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A loner is a person who does not seek out, or may actively avoid, interaction with other people. There are many potential reasons for their solitude. Intentional reasons include introversion, mysticism, spirituality, religion, or personal considerations.   Unintentional reasons involve being highly sensitive or shy. More than one type of loner exists, and those who meet the criteria for being called loners often actually enjoy social interactions with people but display a degree of introversion which leads them to seek out time alone.
Terminology [ edit ]
The modern term loner can be used in the context of the belief that human beings are social creatures and that those who do not participate are deviants.    However, being a loner is sometimes depicted culturally as a positive personality trait, as it can be indicative of independence and responsibility.  Someone who is a recluse or romantically solitary can be referred to by terms including singleton and nonwedder.   Loners are often mistakenly perceived as having a hatred for other people and can face the ramifications of such a perception, such as being viewed as an outcast or misfit. 
Overview [ edit ]
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Possible characteristics [ edit ]
When expressing a desire to be alone, loners may not reject human contact entirely. A common example is that of the person who shuns any social interaction with colleagues beyond what is necessary for fulfilling their work or school responsibilities, mainly for practical reasons such as avoiding the complication of their non-personal life, but who is also highly charismatic during social gatherings with people outside of work or school—or vice versa.  Somebody who can be a loner would also fit the criteria for introversion, possibly due to both their innate personality traits and life experiences. 
See also [ edit ]
- Avoidant personality disorder
- Autism spectrum disorder
- Asperger syndrome
References [ edit ]
- ^«Neighbours describe bomb suspect as devout loner». The Times. 26 July 2005 . Retrieved 30 October 2018 . (subscription required)
- «Review of Losers, Loners, and Rebels». Foreword Reviews . Retrieved 30 October 2018 .
- «The American Spectator : A Defense of Quiet Loners». Archived from the original on 2009-05-17 . Retrieved 2009-06-01 .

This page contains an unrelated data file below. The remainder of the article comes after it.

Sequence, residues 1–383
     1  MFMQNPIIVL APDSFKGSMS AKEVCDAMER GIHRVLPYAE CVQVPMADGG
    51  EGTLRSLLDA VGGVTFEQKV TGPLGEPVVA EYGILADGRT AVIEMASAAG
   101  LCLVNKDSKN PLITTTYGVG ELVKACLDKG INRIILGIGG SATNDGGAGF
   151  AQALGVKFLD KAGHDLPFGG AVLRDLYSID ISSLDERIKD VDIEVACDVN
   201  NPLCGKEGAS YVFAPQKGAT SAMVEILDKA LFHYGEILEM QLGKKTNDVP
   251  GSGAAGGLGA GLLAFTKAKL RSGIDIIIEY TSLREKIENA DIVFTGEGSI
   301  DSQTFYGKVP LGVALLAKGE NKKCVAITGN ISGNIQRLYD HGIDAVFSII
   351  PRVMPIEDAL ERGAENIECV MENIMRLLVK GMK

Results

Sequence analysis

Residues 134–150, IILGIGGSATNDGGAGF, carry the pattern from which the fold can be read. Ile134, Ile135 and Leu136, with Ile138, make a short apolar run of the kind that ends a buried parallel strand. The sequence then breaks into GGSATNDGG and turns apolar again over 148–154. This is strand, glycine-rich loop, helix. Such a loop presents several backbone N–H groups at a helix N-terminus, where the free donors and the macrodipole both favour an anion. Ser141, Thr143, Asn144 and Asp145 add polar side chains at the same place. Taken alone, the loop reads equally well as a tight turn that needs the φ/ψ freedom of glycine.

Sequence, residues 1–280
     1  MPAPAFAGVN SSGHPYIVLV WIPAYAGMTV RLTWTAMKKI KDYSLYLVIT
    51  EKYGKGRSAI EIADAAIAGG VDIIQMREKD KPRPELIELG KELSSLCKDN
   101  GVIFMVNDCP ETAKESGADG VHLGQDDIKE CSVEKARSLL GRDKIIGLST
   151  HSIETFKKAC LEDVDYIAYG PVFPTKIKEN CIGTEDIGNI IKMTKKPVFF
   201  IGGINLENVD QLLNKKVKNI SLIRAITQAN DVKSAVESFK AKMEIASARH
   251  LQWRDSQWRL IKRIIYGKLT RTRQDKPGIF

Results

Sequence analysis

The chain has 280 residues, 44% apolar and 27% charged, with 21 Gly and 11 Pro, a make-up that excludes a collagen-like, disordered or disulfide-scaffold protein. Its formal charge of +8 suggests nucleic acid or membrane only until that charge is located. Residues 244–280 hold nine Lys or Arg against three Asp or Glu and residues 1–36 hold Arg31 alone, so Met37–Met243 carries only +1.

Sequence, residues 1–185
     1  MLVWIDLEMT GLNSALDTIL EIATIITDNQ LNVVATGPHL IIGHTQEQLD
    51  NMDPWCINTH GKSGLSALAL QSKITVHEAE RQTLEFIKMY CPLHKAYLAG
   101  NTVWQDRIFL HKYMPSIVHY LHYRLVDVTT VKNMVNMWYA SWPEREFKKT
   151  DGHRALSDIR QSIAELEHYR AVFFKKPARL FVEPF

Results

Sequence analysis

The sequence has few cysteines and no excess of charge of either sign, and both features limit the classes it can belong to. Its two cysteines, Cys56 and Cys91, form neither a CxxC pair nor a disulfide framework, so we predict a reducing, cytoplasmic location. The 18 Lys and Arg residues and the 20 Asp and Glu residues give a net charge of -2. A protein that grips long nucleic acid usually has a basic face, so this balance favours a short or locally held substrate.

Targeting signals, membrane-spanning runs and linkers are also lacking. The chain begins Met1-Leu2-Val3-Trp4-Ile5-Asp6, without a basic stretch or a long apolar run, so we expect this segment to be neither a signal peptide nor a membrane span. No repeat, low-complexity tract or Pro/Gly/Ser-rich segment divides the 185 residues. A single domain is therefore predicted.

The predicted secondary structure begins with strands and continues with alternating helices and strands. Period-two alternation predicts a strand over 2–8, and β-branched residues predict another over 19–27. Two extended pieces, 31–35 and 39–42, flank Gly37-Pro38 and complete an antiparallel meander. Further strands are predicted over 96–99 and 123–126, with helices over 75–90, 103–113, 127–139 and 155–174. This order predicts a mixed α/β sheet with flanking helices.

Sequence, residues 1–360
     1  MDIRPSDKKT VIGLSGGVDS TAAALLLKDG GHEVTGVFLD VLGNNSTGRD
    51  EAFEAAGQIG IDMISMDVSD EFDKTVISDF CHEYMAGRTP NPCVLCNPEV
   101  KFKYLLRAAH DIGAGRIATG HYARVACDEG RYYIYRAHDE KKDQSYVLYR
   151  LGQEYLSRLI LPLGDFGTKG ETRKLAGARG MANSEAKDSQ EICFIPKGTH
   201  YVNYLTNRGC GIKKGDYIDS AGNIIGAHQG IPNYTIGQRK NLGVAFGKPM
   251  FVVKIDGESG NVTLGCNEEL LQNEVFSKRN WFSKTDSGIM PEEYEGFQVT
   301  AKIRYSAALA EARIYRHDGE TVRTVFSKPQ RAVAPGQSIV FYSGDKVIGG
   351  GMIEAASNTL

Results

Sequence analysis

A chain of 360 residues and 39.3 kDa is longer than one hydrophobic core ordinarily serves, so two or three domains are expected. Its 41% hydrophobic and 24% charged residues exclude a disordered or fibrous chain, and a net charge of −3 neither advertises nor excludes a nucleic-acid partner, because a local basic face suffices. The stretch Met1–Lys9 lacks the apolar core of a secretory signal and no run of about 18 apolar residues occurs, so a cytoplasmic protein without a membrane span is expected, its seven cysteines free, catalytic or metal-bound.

- ^. pdf
- coffeenexg (2009-01-26). «You’re Not Alone, You’re Just a Loner». Mothers Hand Book . Retrieved 2019-08-26 .
- ^ Enriching The Sociological Imagination, p 124 Rhonda F. Levine — 2004
- ^ Downing, Justin. Workplace Romance, Organizational Policy, and Employee Rights: A Qualitative Case Study. Diss. Northcentral University, 2016.
- ^ DarlingTon, Tania. «Josei drama and Japanese television’s ‘new woman’.» The Journal of Popular Television 1.1 (2013): 25-37.
- ^ Follmer, Elizabeth H., et al. «Resolution, relief, and resignation: A qualitative study of responses to misfit at work.» Academy of Management Journal (2017): amj-2014.
- «Loners Vs. Loneliness». The New York Sun. Archived from the original on 27 February 2018 . Retrieved 24 April 2018 .
- Berry, John (1997). Handbook of Cross-cultural Psychology: Social behavior and applications. p. 468.
- ^ Taylor, Graeme J. «Alexithymia: concept, measurement, and implications for treatment.» The American Journal of Psychiatry (1984).
- ^ Hayward, M. W., et al. «Prey preferences of the leopard (Panthera pardus).» Journal of Zoology 270.2 (2006): 298-313.
- Hojat, Mohammadreza (May 1983). «Comparison of transitory and chronic loners on selected personality variables». British Journal of Psychology. 74 (2): 199–203. doi:10.1111/j.2044-8295.1983.tb01855.x. PMID6883012.
- Svoboda, Elizabeth (March–April 2007). «Field Guide to the Loner: The Real Insiders». Psychology Today Magazine.
External links [ edit ]
- Article about loners in Psychology Today